Pablo Picasso? Leonard Lyons? Daniel-Henry Kahnweiler? Arthur Koestler? Marshall McLuhan? Apocryphal?
Dear Quote Investigator: The most fascinating anecdote about authenticity that I have ever heard features Pablo Picasso repudiating a painting that he apparently created. Are you familiar with this tale? Would you please explore its provenance?
Quote Investigator: The earliest occurrence of this anecdote located by QI appeared in the popular syndicated column of Leonard Lyons in 1957. Emphasis added to excerpts by QI: 1957 February 22, The Philadelphia Inquirer, Picasso Can ‘Paint Fakes, Too’ by Leonard Lyons, Quote Page 27, Column 1 and 2, Philadelphia, Pennsylvania. (Newspapers_com)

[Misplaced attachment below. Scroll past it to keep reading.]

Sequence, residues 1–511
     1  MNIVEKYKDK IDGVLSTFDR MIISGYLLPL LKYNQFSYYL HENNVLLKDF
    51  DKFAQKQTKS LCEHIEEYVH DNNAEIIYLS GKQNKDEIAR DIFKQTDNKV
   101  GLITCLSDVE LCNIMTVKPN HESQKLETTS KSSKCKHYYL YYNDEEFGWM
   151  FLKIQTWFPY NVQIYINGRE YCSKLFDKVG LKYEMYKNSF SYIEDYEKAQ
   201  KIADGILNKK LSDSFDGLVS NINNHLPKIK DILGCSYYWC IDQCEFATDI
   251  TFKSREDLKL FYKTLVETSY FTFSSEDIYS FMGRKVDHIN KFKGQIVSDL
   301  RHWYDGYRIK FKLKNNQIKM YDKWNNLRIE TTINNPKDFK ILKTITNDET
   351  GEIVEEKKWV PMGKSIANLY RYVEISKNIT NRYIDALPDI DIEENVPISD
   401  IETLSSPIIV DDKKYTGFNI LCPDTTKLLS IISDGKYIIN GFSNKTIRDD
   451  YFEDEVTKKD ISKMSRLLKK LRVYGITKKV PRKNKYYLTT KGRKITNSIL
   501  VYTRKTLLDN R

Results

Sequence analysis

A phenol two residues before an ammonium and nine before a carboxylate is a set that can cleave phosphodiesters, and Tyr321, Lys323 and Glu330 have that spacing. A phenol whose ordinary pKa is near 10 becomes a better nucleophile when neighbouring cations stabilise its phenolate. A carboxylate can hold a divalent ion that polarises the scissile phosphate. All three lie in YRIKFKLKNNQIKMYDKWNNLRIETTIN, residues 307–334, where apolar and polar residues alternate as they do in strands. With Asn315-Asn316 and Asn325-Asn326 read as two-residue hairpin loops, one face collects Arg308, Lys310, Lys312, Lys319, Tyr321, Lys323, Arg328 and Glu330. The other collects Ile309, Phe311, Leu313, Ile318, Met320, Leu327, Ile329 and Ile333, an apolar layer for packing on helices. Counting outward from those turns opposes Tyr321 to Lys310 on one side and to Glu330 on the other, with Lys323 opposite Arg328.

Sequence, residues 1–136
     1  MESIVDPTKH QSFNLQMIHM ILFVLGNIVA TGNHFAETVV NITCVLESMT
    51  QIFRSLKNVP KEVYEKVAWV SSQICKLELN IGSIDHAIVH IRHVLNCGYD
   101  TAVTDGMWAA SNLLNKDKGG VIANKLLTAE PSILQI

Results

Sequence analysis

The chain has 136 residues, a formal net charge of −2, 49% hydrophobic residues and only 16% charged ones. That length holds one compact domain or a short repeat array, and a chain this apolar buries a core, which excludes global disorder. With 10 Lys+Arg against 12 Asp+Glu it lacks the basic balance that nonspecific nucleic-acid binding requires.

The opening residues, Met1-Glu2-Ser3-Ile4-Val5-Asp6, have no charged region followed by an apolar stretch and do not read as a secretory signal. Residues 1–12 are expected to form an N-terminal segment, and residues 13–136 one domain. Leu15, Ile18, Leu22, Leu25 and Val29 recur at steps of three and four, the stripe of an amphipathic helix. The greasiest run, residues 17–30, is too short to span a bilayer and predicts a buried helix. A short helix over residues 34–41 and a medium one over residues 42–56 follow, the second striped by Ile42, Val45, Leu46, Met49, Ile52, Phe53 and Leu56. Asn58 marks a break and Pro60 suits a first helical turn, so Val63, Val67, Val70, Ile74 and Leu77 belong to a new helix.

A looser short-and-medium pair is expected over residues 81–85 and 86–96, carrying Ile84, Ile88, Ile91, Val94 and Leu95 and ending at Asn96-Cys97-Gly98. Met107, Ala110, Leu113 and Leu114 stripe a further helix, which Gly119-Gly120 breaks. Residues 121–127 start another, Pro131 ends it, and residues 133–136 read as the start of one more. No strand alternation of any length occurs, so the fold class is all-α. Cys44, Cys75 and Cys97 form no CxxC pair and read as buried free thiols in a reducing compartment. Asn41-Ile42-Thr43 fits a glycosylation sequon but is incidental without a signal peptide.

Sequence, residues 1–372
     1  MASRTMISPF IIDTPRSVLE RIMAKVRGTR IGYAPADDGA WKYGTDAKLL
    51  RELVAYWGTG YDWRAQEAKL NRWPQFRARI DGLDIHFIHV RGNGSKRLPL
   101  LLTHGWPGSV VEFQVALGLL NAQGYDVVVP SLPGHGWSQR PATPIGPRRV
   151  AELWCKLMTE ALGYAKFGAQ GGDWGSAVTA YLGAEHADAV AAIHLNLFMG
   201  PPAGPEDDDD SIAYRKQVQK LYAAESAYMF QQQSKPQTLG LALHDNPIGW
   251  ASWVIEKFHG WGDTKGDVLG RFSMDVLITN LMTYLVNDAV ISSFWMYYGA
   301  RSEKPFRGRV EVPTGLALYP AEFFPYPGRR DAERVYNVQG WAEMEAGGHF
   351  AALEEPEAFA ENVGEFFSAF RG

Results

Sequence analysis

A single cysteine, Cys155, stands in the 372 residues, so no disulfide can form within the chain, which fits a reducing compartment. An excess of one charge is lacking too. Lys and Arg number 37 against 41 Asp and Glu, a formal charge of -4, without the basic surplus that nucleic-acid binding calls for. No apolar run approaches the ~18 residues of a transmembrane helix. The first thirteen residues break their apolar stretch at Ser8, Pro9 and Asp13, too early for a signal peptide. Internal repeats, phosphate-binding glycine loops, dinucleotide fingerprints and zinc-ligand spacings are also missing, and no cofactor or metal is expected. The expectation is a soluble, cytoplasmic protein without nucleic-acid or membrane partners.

One of Picasso’s friends asked him to look at a picture he’d bought: “Is this a genuine Picasso?” The painter examined it and said, “No, it’s a fake.” The friend was crestfallen, then said: “Oh, well, I have this other one — a genuine Picasso.” The artist looked at the second picture and said: “That’s a fake, too” . . .”But that’s impossible,” said the friend, bewildered. “I saw you paint it myself”. . .“So what?” Picasso shrugged. “I paint fakes, too.”
Lyons did not identify the confused individual in this article, but ten years later in 1967 Lyons revisited the topic and pointed to Picasso’s art dealer Daniel-Henry Kahnweiler as the owner of the disavowed painting.
Below are additional selected citations in chronological order.
|↑1||1957 February 22, The Philadelphia Inquirer, Picasso Can ‘Paint Fakes, Too’ by Leonard Lyons, Quote Page 27, Column 1 and 2, Philadelphia, Pennsylvania. (Newspapers_com)|